Politics and Policy.

North And South.

Welcome to KnowVA

Welcome to KnowVA

Welcome! It's an honor to have you. 

So, let’s get right to it: what is KnowVA? And why should you devote your limited time on this planet of ours to reading these words? 

Basically, it’s a blog that examines politics and policy from DC to Northern Virginia down to Richmond and beyond to illuminate and explain how American government works. Think of it as just enough of a “local” blog to make it relevant to folks who live in Northern Virginia, but significant enough for you to read even if you’ve never stepped foot in our great Commonwealth.

Why should this interest you? My hunch is that people who read about politics are in general looking for voices to help explain just what the heck is going on. Especially given the rise of Donald Trump, people are questioning and reexamining all their previous assumptions. God knows I am. I don’t know if I have all the answers, but I am intensely curious, and I think there’s real value to putting an argument down on paper and seeing how it flies in the real world.

Obviously, the great political events of our time are happening at a national level, and I expect to focus on these quite a bit, but I think it’s important to be able to zoom into local and state issues when the time arises. I don’t expect everyone to interested in the failed Meals Tax in Fairfax County or how energy utilities buy influence in Richmond, but I also think we are too dismissive of the importance of local politics. If nothing else, understanding how state and local legislators set the rules will give you greater tools for figuring out why politicians and voters act the way they do.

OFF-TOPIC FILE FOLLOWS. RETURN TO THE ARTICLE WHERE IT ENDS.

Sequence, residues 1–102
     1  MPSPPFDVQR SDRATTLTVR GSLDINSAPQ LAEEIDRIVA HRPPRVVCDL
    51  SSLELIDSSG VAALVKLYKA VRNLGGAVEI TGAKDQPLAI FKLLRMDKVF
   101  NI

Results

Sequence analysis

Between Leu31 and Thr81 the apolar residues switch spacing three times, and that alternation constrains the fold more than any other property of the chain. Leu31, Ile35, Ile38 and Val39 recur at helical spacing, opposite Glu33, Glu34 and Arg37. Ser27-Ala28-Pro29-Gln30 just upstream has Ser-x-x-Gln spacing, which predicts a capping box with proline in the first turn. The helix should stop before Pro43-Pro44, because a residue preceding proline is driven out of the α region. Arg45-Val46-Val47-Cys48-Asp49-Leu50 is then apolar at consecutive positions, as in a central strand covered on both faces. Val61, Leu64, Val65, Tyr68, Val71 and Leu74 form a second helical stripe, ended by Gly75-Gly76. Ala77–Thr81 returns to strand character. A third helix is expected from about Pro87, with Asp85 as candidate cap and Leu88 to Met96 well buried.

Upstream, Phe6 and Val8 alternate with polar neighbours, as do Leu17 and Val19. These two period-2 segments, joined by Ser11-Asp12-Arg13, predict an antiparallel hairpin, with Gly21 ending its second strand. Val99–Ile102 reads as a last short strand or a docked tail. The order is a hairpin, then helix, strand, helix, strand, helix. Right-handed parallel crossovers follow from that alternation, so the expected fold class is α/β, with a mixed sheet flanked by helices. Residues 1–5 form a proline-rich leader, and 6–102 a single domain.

Why put a special focus on Virginia? A few reasons:

1.    I am utterly astonished (despite some amazing local reporting) at how little compelling, consistently engaging analysis there is of Virginia politics and policy. There’s certainly some out there, but I get the feeling there’s a hunger for more, especially beyond bland editorials and opinion pieces. 

2.   Virginia suffers from the opposite problem of national politics—there’s plenty of amazing original reporting, but not nearly enough contextualizing and clearing away of debris. Most people who go looking for some pithy perspectives on Presidential or Congressional politics can find it. I don’t feel that way about Virginia.

3.   Virginia is a fantastic microcosm of the greater trends and political battles going on across the nation as a whole. Virginia as a whole is trending blue, thanks to new migrants and increased diversity in the north and other urban corridors. Meanwhile, gerrymandering and lower voter participation in off-year elections have allowed Republicans to maintain control of the General Assembly, even as Democrats dominate statewide races with higher turnouts. Massive economic and cultural changes in Virginia mirror the nation as a whole as well. Urban Virginia is resurgent, suburban Virginia is aging and deciding how it wants (if at all) to grow, and rural Virginia is trying to figure out how to balance its way of life with the need to compete in a global economy.

4.   Selfishly, my wife and I plan on living here for the next 50 years, so it’s nice to write about home and the issues in our community.

A lot of my motivation comes from the fact that despite living in Northern Virginia for the vast majority of my life, I never truly appreciated how much of my life was affected by what happened in Richmond and the county government center. Sure, I voted in local elections and dutifully supported my Democratic elected officials down in Richmond, but I didn’t comprehend how much was at stake and how much absolute craziness was afoot.

That’s changed thanks to having had the great opportunity to work in Richmond these past few years as my wife obtains a law degree in not-so-nearby Charlottesville. And having lived and breathed this community for a while now, I finally feel like I have a little bit of authority to make the case that you should care deeply about what happens here.